We know that meaningful feedback correlates with heightened employee engagement, and Gallup describes meaningful feedback as “ongoing, focused, future-oriented, and individualized (Gallup, 2022).” By their very nature, scorecards create that feedback.
(Jill Belconis discusses additional benefits of the job scorecard in this Expert Insight Series interview.)
Scorecards Enable Grounded, Consistent Feedback
To gamify work for your employees, feedback cannot be based on a manager's mood, recent data point, or faulty observations, but must instead rely on empirical data - the scorecard. Without an accurate score, employees interpret manager feedback as a vague and constant pressure to “do better” because they cannot see a concrete path to success. “We need a scorecard that accurately measures our performance against our predetermined goals and destinations,” Coonradt writes in Scorekeeping for Success.
With business intelligence (BI) dashboards, scorekeeping does not have to be a Herculean task to add to your pile. Dashboards keep score for managers and employees, provide insights into how to improve performance, and allow employees to self-manage.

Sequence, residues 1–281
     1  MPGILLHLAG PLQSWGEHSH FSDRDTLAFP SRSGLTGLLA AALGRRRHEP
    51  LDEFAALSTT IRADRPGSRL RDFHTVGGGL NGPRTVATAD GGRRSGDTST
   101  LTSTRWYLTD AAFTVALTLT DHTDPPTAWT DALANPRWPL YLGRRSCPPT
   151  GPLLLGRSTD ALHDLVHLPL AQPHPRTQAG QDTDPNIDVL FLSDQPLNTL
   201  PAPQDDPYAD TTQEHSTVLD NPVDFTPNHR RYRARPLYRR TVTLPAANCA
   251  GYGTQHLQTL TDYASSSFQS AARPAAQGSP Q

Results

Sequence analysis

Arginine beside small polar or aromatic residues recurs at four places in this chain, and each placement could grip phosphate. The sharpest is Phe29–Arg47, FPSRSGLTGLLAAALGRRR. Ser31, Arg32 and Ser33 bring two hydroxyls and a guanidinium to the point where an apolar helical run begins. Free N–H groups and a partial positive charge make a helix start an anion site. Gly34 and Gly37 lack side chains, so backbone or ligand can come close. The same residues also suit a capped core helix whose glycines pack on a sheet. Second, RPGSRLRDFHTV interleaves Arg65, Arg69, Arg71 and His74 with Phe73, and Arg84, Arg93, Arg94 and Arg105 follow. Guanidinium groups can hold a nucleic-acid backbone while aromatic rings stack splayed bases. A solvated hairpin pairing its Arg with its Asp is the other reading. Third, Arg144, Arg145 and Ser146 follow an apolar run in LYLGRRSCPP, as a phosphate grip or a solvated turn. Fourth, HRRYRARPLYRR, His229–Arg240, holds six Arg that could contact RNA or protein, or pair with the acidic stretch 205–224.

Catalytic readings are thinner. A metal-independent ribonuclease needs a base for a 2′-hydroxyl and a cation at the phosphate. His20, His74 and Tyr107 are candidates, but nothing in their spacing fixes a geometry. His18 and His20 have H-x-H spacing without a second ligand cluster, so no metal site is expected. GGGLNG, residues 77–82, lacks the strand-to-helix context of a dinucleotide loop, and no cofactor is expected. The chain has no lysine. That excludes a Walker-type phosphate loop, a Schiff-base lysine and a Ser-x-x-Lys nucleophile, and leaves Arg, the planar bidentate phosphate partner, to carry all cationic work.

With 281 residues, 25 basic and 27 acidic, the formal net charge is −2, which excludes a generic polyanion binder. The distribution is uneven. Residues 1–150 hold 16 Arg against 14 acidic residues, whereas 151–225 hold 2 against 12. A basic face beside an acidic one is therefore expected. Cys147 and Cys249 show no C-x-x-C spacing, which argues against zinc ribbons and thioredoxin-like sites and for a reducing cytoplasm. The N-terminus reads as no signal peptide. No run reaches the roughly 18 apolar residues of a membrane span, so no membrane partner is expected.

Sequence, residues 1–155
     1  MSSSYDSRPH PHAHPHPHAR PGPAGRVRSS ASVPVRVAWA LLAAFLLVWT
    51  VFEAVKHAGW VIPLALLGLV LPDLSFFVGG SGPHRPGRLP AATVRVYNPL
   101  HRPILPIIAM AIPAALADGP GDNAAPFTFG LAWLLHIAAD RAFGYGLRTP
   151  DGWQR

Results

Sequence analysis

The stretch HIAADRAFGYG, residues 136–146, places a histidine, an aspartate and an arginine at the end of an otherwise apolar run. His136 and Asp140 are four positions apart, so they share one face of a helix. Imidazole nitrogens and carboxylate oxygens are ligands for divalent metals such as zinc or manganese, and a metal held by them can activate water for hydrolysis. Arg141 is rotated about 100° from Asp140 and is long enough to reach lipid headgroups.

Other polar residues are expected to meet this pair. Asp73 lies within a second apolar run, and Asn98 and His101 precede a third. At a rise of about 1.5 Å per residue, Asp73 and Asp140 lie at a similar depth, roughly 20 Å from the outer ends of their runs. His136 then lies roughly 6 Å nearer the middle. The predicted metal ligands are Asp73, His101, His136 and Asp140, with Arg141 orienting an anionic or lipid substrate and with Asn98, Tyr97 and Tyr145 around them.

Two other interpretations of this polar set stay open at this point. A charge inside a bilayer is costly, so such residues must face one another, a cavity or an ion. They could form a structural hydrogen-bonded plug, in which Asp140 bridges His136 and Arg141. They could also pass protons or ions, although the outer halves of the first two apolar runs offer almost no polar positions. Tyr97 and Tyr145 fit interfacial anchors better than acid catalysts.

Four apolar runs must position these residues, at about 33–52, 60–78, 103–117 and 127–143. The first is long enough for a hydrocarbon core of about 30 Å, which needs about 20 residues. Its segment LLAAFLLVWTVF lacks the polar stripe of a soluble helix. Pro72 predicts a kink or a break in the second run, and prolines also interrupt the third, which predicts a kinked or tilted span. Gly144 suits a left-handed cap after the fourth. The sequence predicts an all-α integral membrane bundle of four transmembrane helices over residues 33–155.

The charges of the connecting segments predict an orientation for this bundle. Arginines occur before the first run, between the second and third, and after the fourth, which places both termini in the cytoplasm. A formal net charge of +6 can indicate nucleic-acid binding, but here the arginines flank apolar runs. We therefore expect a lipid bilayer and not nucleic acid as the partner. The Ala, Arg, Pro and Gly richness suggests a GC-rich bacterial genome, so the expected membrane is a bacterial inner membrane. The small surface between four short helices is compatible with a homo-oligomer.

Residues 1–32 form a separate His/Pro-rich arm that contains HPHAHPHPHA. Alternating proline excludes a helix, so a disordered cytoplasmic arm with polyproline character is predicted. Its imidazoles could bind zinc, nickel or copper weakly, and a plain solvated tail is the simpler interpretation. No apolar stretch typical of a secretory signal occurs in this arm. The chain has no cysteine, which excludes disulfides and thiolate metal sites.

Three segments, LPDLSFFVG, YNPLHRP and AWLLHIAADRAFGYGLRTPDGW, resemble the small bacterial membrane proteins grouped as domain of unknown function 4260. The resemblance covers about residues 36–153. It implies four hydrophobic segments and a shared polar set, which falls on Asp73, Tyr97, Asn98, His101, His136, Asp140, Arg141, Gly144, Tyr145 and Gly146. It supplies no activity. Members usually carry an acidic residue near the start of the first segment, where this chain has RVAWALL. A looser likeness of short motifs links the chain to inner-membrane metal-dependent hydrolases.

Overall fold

Increase Frequency of Feedback to Decrease the Size of Problems
“One of the things we know about feedback is that if you increase the frequency of feedback, you reduce the size of the problem.” - Chuck Coonradt
The manufacturing and distribution industries are particularly prone to taking a retrospective view into data. While point-in-time snapshots are useful, they're often too late to make meaningful adjustments. Instead, Chuck recommends breaking down problems with real-time data analytics, then providing more frequent feedback to employees based on this data. Refreshing your dashboards daily or weekly is much more effective than a monthly or yearly retrospective. Doing so reduces the complexity of problems, and makes employees more likely to respond with, “Oh, we can fix that.” Gallup workplace data supports Chuck’s recommendation, citing that employees are 3.6 times more likely to strongly agree that they are motivated to do outstanding work when their manager provides daily vs. annual coaching (Gallup, 2022).